|dc.description.abstract||In this thesis, we propose new algorithms, methods, and datasets that can be used to classify, to mine information, and rank web domains or similar resources containing text. Motivated by our joint work with INCIBE, we focus our efforts on detecting web resources which content could indicate illegal activities. Most of these textual web pages are hosted in a darknet, and, because of that, we centered our analysis in The Onion Router (Tor) Darknet, based on the common belief that this net hosts plenty of criminal activities. Additionally, we also addressed the same problem in Online Notepad Services (ONS), in particular, Pastebin service.
Several of the contributions that we present here are already incorporated in tools developed by INCIBE that help Spanish Law Enforcement Agencies (LEAs) to monitor the contents of the Tor Darknet. Our work relies on the application of machine learning, both classical and deep, using most of the time supervised learning. This approach required the creation of different datasets, naming the first of them as Darknet Usage Text Addresses (DUTA), which contained 6,831 labeled samples distributed over 26 classes. Posteriorly, we extended this dataset up to 10,367 samples, naming it as DUTA-10K.
Using DUTA, we evaluated the combination of two text representation techniques with three well-known classifiers to categorize the Tor domains. The combination of TF-IDF words representation with Logistic Regression achieved a 93.7% macro F1 score, in a subset of DUTA where eight categories of illegal activities were selected.
To classify Pastebin contents, we use Active Learning to select and label only the most informative samples, reducing in this way, the cost of building a labeled dataset. Our design requires three cascade classifiers, saying the last one whether a sample belongs to one out of six categories related to criminal activities, obtaining an average class recall of 95.24% as binary, and 80.33% as multiclass.
To enrich the information that we provide to LEAs, we develop first a semi-automatic algorithm to identify emerging products in Tor marketplaces. Using Graph Theory, we build a Products Correlations Graph (PCG), in which the nodes are the markets' products, and the edges reflect the simultaneous offering of two products in the same market. Our algorithm decomposes the PCG, using the k-shell algorithm, and analyzes the connectivity of the products in the core-shell. We apply this method to drug Hidden Services (HS) in DUTA, finding that MDMA and Ecstasy were the most emerging drug products during the analyzed period.
Second, we used Named Entity Recognition (NER) to recognize rare and emerging named entities in noisy user-generated text. We overcome the use of gazetteers to incorporate external resources to neural network architectures, presenting a novel feature that we named Local Distance Neighbor (LDN), obtaining in this way the state-of-the-art F1 score on three categories of the W-NUT-2017 dataset: Group, Person, and Product. Furthermore, we present an application of NER to the domains of the Tor network by extending the samples of the W-NUT-2017 dataset with 851 manually annotated entries, naming this modified version of the dataset as Noisy User-generated Text on Tor (NUToT). Our model obtained an entity and a surface F1 scores of 52.96% and 50.57%, respectively, beating the current state-of-the-art.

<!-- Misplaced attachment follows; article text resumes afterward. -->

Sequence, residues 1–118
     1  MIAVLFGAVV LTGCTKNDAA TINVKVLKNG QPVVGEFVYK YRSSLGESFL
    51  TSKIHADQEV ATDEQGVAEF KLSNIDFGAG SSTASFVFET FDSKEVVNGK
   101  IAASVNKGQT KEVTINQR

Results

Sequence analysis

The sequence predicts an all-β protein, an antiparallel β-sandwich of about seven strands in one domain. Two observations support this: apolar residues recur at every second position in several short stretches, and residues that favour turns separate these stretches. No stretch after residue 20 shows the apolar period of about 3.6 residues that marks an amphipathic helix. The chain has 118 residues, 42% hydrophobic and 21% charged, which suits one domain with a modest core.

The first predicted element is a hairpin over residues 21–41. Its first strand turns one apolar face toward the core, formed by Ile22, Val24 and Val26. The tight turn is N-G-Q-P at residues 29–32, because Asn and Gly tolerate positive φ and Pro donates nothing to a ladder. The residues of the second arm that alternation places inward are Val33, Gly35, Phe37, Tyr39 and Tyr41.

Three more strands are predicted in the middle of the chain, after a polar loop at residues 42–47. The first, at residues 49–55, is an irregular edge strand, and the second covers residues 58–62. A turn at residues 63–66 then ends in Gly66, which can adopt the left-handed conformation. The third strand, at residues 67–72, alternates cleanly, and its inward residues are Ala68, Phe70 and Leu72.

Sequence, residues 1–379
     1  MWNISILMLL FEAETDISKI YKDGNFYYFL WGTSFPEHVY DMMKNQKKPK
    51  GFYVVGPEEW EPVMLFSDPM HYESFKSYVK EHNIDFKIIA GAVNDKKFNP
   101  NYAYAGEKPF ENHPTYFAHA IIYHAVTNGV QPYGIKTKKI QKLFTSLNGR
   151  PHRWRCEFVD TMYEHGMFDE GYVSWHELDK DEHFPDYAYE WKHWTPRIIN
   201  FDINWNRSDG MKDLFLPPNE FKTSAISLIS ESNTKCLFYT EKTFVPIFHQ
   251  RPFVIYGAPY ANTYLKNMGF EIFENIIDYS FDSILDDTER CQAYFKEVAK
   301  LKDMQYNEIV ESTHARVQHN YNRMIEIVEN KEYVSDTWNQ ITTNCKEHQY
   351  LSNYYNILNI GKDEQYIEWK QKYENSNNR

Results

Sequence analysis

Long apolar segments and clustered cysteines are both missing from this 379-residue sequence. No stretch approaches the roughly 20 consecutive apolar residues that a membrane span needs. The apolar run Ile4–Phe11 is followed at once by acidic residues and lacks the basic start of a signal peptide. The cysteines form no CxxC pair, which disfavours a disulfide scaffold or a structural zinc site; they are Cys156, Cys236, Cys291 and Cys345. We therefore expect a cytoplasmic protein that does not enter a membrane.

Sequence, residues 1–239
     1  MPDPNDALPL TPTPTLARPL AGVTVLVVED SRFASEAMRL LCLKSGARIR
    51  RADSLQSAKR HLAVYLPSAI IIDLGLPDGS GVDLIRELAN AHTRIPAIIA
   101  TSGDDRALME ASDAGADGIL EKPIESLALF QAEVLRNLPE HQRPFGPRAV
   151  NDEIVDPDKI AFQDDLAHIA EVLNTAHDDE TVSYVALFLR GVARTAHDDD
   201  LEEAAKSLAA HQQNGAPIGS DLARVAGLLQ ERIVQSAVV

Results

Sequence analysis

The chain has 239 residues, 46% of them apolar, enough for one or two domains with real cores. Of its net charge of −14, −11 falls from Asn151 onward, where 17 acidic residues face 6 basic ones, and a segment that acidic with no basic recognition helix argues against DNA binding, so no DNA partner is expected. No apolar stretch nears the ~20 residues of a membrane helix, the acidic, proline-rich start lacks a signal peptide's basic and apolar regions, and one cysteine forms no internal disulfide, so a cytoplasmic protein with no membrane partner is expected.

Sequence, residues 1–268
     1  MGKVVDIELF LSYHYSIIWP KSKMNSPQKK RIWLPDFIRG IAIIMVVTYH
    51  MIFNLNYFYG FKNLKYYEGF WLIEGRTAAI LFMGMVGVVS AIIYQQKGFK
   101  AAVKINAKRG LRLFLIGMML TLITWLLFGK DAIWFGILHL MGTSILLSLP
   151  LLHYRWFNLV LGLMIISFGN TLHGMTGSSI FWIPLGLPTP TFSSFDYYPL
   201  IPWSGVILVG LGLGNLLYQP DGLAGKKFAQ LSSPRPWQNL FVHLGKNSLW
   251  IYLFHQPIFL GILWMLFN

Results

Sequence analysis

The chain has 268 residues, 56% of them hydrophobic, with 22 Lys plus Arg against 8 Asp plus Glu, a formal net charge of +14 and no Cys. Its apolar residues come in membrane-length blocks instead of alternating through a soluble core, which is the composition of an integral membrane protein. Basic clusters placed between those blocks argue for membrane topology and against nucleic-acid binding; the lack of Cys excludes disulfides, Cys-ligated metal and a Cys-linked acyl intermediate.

Our third area of interest is to detect which of the onion domains are the most influential, both inside its category and the whole Tor Darknet. Our first solution is based on the use of ToRank, a novel algorithm based on Graph Theory, which outperforms three well-known alternatives used in the Surface Web when ranking Tor hidden services: PageRank, HITS, and Katz.
ToRank creates a higher disruption to the Tor network connectivity than any other alternative, which indicates its superiority for this problem.
After evaluating ToRank, we analyze DUTA-10K to reveal that 20% of the samples are related to suspicious activities, while 48% are associated with normal ones, considering the 32% left are unknown because they were inaccessible.
We also discover that domains related to suspicious activities usually present multiple clones under different addresses, which could be used as an additional feature for identifying them.
Our last contribution is a proposal based on the analysis of the domain content, considering features from textual, HTML, NER, links related, and visual information. We compared three supervised ranking strategies using Learning to Rank (LtR) to detect the most influential onion domains. We represent an onion domain by 40 features, and we learn how to rank the domains using an LtR approach. We evaluate our proposal on a case-study of drug-related onion domains, founding that among the explored LtR schemes, the listwise approach outperforms the benchmarked methods with an NDCG@10 of 0.95. Our findings proved that the content-based ranking is superior to link-based algorithms and that features extracted from the user-visible textual content are the better choice when balancing the cost of its extraction and the precision reached.||es_ES